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So sorry that I'm just now replying!  In most homeschool families, the father is the only person earning a formal salary.  However, the curriculum books can be had for cheap or free, and with so many extra hours in the day (compared to regular school) there is plenty of time for the mother and/or children to earn money and contribute.  You'll find in the homeschool community a bevy of free and discounted resources passed down and around homeschooling families.  The best place to get into this is through churches and other groups that have a heart for and focus on homeschoolers.  When you think about the money saved (gas for the school commute, money spent otherwise on daycare, etc.) homeschooling is economically feasible, though one does need to live within their means and give up some of the finer things that two salaries might otherwise make possible.  But the advantages of homeschooling are eternal and unmeasurable, far and away more important than a higher household income.

“We ought to obey God rather than men.”  -Acts 5:29.

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Joe replied on Mon, Dec 28 2009 11:14 AM

what about unschooling? I am pretty new to the idea, but it sounds interesting, anyone have any experience with it?

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Quick question- does anyone know of any theorist who defends the current style and content of the public schools and universities?

Just for a an update I've read some Steiner- interesting in places profound in others but underlaid by some really odd Eastern metaphysics.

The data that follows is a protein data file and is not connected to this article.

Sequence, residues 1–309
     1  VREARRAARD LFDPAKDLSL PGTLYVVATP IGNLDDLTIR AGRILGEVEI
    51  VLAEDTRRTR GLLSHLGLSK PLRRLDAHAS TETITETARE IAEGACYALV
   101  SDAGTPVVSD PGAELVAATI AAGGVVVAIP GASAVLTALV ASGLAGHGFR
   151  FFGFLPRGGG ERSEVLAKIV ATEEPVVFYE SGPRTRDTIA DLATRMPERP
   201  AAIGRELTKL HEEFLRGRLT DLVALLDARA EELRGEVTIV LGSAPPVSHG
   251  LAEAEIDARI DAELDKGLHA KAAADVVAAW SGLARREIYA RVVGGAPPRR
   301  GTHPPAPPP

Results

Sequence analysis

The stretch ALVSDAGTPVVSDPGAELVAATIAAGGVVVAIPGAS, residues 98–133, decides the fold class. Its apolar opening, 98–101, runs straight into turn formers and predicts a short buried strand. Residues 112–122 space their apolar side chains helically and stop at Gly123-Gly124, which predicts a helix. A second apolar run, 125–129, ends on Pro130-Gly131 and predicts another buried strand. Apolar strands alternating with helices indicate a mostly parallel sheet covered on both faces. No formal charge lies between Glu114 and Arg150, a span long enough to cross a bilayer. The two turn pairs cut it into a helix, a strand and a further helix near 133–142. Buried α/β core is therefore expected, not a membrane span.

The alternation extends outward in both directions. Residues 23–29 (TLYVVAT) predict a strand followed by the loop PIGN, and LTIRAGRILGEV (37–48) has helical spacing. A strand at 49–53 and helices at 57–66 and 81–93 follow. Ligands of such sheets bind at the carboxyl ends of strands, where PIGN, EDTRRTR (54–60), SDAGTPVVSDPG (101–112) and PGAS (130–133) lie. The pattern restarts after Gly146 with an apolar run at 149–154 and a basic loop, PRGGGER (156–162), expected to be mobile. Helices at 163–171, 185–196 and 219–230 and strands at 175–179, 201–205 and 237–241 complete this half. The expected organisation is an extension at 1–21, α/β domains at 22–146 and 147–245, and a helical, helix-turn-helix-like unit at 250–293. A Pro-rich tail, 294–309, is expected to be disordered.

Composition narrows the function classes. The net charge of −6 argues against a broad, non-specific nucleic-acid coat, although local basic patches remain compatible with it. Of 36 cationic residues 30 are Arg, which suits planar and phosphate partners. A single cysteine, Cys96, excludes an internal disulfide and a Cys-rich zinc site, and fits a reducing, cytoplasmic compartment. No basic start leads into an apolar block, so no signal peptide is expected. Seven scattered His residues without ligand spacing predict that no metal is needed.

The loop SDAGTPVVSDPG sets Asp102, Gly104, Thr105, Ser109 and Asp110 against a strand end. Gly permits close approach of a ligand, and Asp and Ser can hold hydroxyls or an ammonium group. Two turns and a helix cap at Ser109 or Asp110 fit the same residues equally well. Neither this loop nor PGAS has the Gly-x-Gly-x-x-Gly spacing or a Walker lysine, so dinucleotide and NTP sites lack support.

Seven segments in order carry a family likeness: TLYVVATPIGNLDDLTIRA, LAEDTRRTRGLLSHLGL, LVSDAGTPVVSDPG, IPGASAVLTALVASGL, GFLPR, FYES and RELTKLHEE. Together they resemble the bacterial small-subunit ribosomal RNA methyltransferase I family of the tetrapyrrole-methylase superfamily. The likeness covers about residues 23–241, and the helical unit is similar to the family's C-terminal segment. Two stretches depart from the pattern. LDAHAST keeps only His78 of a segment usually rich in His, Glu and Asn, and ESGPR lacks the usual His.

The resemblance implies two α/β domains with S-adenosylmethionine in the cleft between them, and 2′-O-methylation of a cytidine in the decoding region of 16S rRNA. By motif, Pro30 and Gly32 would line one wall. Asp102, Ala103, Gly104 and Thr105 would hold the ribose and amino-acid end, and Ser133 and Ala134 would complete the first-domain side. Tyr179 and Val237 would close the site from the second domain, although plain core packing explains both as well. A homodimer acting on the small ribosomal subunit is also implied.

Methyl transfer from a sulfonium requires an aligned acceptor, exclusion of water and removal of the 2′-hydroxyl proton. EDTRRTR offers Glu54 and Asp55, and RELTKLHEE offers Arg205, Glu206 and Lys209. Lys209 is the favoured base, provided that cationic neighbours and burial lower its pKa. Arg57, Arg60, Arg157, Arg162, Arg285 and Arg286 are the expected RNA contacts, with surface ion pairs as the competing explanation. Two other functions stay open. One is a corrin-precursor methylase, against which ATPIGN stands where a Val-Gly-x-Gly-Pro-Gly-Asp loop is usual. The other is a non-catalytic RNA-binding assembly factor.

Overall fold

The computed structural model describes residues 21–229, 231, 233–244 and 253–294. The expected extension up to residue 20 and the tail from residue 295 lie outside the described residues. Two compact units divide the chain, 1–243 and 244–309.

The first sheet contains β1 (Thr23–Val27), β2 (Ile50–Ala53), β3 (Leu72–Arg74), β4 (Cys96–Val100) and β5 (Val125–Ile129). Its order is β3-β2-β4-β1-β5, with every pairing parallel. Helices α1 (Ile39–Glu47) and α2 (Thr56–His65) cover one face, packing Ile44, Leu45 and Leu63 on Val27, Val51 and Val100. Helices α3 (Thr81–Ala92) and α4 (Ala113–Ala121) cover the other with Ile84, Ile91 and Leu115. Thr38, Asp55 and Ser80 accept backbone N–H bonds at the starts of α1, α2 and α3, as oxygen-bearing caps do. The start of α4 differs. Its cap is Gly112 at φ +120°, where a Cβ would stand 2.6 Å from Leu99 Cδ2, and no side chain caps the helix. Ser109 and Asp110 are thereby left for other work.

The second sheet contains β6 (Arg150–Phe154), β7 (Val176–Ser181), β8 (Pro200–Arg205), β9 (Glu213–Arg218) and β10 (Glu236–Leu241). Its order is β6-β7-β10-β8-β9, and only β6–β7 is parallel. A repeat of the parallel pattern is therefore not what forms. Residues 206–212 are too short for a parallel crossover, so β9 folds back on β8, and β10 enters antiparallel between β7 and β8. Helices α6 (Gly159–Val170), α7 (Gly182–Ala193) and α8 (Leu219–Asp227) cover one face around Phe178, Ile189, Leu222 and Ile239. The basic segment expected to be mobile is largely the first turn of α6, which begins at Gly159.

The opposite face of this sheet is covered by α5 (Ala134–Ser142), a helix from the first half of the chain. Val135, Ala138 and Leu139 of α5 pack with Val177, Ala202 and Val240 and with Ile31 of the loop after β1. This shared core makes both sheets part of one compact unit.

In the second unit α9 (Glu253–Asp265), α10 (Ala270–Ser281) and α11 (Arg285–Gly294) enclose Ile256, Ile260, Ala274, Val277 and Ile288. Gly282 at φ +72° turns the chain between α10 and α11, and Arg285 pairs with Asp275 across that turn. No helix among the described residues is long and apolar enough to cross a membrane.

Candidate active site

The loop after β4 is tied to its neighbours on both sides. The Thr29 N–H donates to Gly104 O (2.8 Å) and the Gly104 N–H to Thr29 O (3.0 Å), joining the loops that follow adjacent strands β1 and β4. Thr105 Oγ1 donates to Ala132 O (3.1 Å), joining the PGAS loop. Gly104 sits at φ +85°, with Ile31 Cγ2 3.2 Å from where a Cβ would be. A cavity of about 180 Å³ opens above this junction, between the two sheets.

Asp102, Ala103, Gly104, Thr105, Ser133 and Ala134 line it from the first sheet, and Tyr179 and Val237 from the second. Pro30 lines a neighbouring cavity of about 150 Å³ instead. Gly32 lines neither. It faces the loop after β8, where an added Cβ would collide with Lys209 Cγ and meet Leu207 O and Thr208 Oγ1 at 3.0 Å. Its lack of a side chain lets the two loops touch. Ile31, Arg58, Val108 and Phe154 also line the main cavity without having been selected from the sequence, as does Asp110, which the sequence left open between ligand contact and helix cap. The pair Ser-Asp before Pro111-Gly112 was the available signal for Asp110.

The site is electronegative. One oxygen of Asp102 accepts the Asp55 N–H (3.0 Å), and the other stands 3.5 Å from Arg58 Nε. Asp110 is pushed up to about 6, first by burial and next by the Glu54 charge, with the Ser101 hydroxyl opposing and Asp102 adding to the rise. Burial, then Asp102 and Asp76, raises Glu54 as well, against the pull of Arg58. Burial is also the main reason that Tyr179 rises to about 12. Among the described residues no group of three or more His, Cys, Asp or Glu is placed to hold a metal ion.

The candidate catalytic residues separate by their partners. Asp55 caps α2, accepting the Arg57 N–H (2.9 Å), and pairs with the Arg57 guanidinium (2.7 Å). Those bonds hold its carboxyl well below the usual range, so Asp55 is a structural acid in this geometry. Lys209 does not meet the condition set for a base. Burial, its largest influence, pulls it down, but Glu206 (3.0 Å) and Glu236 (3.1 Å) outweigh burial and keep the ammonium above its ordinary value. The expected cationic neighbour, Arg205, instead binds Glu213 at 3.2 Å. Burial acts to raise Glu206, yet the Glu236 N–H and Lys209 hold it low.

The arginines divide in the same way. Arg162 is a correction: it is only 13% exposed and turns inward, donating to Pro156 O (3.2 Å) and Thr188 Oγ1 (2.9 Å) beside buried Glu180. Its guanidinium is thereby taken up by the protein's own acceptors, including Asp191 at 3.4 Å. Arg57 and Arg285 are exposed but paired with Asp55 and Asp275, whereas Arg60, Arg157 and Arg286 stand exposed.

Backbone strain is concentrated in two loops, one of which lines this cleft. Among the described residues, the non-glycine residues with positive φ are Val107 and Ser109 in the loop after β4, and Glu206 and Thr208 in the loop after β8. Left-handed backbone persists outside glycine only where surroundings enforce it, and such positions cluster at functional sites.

I've also added When You Rise Up by Sproul, How Children Learn by unschooler John Holt, Deschooling by Ivan Illich and For the Children's Sake by Susan Macaulay based on the ideas of Charlotte Mason and finally the Original Homeschool Series by Mason but it's 800+ pages so that won't happen for a while.

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Physiocrat

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Conza88 replied on Tue, Mar 9 2010 10:10 AM

Daniel Muffinburg:
If you home school your children, how do you pay the bills? Does one parent have a job while the other home schools? I've always wondered parents have been able to finance home schooling their children.

This was the whole point of the feminist movement. Two taxable incomes. 2 slaves for the state, oh and their kids.

Btw, OP epic pic.

Ron Paul is for self-government when compared to the Constitution. He's an anarcho-capitalist. Proof.
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Nielsio replied on Tue, Mar 9 2010 10:21 AM

Physiocrat:


Unsuprisingly my fiancee's main criticism is that they'll end up as social retards. So if anyone can link me articles, debates etc or just chip in on the relative merits of either institutional system it'd be much appreciated.



Public school turns people into social retards. Anyone who's ever gone to one should know this.

 

Aaron0883 - Homeschooling and socialization
http://www.youtube.com/watch?v=GEdN6z9jihU

-----

Stefan Molyneux

http://www.freedomainradio.com/Traffic_Jams/FDR_1570_philosophical_parenting_part_1.mp3
http://www.freedomainradio.com/Traffic_Jams/FDR_1571_philosophical_parenting_part_2.mp3
http://www.freedomainradio.com/Traffic_Jams/FDR_1573_philosophical_parenting_part_3.mp3
http://www.freedomainradio.com/Traffic_Jams/FDR_1574_philosophical_parenting_part_4.mp3